1011 Virginia Drive, Suite 104, Orlando, FL 32803 (USA)

407-720-8636

Is Tilapia Healthy?

is.tilapia.good.for.you

Ten years ago, no one had even heard of tilapia. Now it’s one of the top selling fish in stores due to its low price and mild taste. But have you ever caught a tilapia? Have you ever heard of anyone catching a tilapia? I definitely hadn’t, so I started to wonder if this was some kind of genetically modified farm-raised mutant fish or something we had just “caught” on to.

I found out that a majority of the tilapia consumed in the US (475 million lbs in 2010) is harvested from pens or cages in Latin America and China. Tilapia is cheap because it’s easy to farm. It’s been called the “perfect factory fish.” It thrives on a corn and soy-based diet, unlike other farmed fish that require more expensive meat-based feed. It grows rapidly, reaching it’s sales weight in about 9 months of intensive feeding and can survive in over-crowded pens and polluted waters of foreign fish farms. Tilapia’s survivability also means it can easily invade natural habitats and threaten native fish populations in places where open systems are used.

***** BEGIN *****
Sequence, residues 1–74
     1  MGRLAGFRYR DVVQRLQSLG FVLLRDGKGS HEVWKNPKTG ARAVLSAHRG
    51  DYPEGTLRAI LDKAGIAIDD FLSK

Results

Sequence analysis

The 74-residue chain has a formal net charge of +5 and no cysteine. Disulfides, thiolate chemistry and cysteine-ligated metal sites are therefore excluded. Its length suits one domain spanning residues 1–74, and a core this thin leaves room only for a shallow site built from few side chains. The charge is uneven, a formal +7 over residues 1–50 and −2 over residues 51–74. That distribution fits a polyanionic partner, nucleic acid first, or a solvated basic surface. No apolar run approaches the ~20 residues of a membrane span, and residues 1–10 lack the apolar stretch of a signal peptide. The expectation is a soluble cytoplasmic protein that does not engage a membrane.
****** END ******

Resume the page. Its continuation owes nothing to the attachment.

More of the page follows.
Tilapia does exist in the wild and is native to North Africa, but out of the 2.3 million metric tons of tilapia produced annually, 73 percent is farmed.

As far as low-fat, low-calorie, animal-based protein sources go, tilapia is a good choice. But as far as heart and brain-healthy omega-3s go, tilapia comes up short. Salmon has 10 times the healthy fat as tilapia. Other sustainable rich sources of omega 3s are herring, albacore tuna, mackerel and sardines.